Star Wars: Battlefront Classic Collection is a hot mess, but I can’t stop playing it — here’s why

Star Wars: Battlefront Classic Collection
(Image credit: Future)

I know. I know. Star Wars: Battlefront Classic Collection is broken. The multiplayer is a mess, there are bugs and crashes aplenty, and over 70GB of space for upgraded textures seems crazy to me.


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But here I am, looking at my playtime and seeing over 20 hours invested in it with little regret. Why? Well, provided you play it in a very specific way, I was able to feel that nice, warm nostalgia — taking my mind and heart back to keeping the volume down low (so as to not wake my parents) and playing this until the early hours of the morning in my teenage bedroom.

To spoil the specific way, the secret is Steam Deck single-player. But allow me to take you through my love affair with returning to Battlefront — starting (and staying) rough, but all falling into place on a flight to Costa Rica.

A wretched hive of bugs and villainy

Star Wars: Battlefront Classic Collection

(Image credit: Aspyr)

So let’s address the very unpopular elephant in the room. I got hyped at the announcement, installed on my Lenovo Legion Pro 7i Gen 8 on day one and…what in the world is this catastrophe!? 

I’m not just talking about the sheer lack of online servers completely killing any chance of playing multiplayer, or the multiplayer itself being a hellscape of poor hitboxes and bugs. But the random crashes in all modes, the broken character dialogue in cutscenes, and weird issues like being unable to select specific spawn points in maps.

Aspyr’s update (towards the end of March) has resolved some of this, but it hasn’t fixed one of my favorite elements of the old Battlefront — split-screen is still basically an impossibility. Whether you’re on PC or Steam Deck, nothing seems to work in terms of connecting controllers and having a laugh with your mates.

Put simply, for anything outside of the single way to play that I’m about to document, much like if you french fry when you’re supposed to pizza on the Aspen alps, you’re going to have a bad time.

The force is strong in Steam Deck

Star Wars: Battlefront Classic Collection

(Image credit: Aspyr)

Bad start, but in the confines of a long haul flight with no WiFi connectivity, things started falling into place. The single-player is a lot more solid in terms of playability, and I can’t deny I felt that nostalgic feeling come flooding back.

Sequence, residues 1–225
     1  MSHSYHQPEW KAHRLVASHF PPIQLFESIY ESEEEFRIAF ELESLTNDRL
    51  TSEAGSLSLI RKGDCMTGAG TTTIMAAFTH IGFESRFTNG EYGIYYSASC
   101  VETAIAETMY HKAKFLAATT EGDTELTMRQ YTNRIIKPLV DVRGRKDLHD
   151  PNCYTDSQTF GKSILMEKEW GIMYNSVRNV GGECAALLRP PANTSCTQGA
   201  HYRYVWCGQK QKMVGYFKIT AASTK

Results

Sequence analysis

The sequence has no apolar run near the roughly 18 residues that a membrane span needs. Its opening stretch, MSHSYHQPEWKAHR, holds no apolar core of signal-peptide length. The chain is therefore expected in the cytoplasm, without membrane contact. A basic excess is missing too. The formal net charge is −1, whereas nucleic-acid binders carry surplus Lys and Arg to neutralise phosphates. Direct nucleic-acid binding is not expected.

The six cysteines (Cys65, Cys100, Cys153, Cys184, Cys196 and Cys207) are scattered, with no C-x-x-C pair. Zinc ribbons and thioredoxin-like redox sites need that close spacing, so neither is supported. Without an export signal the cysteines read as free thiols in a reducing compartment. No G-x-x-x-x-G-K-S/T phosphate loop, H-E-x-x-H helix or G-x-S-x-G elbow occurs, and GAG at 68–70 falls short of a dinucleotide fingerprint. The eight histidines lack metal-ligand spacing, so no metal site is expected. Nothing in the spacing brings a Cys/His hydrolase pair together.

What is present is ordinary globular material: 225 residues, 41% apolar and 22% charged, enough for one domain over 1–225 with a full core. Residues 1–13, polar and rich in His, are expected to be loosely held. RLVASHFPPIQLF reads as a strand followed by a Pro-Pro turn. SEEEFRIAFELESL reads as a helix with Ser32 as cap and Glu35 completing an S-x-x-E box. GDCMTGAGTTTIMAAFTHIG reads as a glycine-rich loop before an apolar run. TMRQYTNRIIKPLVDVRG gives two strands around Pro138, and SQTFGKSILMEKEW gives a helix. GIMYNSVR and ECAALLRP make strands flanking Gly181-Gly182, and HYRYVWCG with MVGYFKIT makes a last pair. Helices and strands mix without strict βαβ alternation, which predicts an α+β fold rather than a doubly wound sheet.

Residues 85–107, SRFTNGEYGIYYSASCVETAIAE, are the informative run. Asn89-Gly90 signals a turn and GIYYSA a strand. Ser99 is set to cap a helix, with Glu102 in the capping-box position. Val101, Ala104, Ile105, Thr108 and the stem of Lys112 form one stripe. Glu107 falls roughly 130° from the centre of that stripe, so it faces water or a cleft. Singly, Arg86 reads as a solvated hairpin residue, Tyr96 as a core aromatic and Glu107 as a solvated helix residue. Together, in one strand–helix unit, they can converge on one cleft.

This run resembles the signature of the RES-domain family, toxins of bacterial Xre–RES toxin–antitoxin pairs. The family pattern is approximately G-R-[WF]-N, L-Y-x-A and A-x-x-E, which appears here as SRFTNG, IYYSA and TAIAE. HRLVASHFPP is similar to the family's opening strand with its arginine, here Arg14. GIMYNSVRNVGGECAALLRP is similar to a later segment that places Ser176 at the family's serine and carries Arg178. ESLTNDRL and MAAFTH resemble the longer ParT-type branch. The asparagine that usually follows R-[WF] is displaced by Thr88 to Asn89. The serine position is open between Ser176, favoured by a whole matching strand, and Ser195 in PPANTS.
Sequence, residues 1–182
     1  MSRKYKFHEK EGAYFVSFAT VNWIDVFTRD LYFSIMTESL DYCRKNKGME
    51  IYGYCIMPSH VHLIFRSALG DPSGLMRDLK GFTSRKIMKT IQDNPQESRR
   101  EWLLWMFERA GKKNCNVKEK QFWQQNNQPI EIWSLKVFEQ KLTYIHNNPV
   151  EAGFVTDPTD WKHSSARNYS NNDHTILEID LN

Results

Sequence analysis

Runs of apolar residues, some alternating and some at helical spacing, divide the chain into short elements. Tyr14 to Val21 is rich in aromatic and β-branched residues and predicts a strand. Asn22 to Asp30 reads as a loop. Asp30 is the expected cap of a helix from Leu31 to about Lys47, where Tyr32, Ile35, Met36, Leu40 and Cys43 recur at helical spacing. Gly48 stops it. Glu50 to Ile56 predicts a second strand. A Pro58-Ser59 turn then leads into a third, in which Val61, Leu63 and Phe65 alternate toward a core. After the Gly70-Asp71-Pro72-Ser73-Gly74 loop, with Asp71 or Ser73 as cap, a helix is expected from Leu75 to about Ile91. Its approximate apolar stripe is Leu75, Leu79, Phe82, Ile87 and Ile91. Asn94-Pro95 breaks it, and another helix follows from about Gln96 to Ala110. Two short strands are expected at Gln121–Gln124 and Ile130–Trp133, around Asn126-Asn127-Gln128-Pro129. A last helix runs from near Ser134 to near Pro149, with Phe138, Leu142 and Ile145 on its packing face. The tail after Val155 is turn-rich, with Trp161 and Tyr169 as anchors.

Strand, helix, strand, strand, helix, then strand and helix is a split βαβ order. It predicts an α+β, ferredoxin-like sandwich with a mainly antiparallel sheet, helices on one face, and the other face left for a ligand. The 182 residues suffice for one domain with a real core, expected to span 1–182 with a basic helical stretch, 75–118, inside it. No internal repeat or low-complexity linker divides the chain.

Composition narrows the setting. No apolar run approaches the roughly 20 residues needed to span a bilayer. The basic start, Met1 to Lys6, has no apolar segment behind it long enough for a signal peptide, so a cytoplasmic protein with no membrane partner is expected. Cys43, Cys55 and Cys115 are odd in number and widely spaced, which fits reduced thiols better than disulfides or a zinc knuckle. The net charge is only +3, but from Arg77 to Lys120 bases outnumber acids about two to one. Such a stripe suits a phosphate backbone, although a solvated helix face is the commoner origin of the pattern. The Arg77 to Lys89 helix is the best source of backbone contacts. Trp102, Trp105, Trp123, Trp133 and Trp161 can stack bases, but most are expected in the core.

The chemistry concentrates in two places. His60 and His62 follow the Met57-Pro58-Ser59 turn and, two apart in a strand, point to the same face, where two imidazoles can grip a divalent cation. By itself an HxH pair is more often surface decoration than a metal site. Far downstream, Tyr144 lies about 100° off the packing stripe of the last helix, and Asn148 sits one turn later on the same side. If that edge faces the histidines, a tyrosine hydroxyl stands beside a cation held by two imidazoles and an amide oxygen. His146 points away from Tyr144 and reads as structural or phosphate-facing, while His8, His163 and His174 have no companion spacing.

Whether it’s dominating my favorite map from the first Battlefront in Kashyyyk docks or taking my place as Red Leader in space above Tatooine, the removal of those frustrations gave me a chance to immerse myself in one of my favorite games of the 2000s.

Is it a little rough around the edges? Of course. Upgraded textures only serve to highlight some of its jankiness, and the actual gameplay control has not been brought into 2024 — feeling rather clunky. But to someone who had his gaming heyday in the formative teenage years, that 10+ hour flight went by so fast.

So if you’re an anti-social gamer (welcome to the family), your experience is not going to be as bad as you may think from the overwhelming negative reviews. But users shouldn’t buy a game for just one feature. Everything should work and in this case, it absolutely does not.

Do or do not. There is no try.

Star Wars: Battlefront Classic Collection

(Image credit: Aspyr)

So as you can see, in amongst this very lazy remaster from Aspyr, there is some promise here — specifically when you take it for a spin on long haul flights via Steam Deck. It felt so nostalgic to head back into one of my favorite PS2 games, and since I spent most of my time in single-player, the crashes and problems related to online play were virtually non-existent.

But please, if the developers are reading this, don’t take this as wholehearted praise for this game. There was a chance here to address some of the niggles I had with the original, such as how useless some player classes feel because of those dodgy aiming mechanics, and the lack of balance in some of the map and gameplay structuring. 

None of these chances have been taken, and it leads to this simply being a new lick of paint on an old game that feels like it’s falling apart at the aging seams sometimes. I’ve noticed Aspyr has started its work to squash bugs in updates, so I sit here with crossed fingers that the team takes time to address some of these fundamental gameplay tweaks needed to really bring the best out of this formula.

Please, I beg of you. Fix this game. This love affair can’t be based on me constantly taking long journeys and playing on my portable — I would be bankrupt by the end of this sentence.

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Jason England
Managing Editor — Computing

Jason brings a decade of tech and gaming journalism experience to his role as a Managing Editor of Computing at Tom's Guide. He has previously written for Laptop Mag, Tom's Hardware, Kotaku, Stuff and BBC Science Focus. In his spare time, you'll find Jason looking for good dogs to pet or thinking about eating pizza if he isn't already.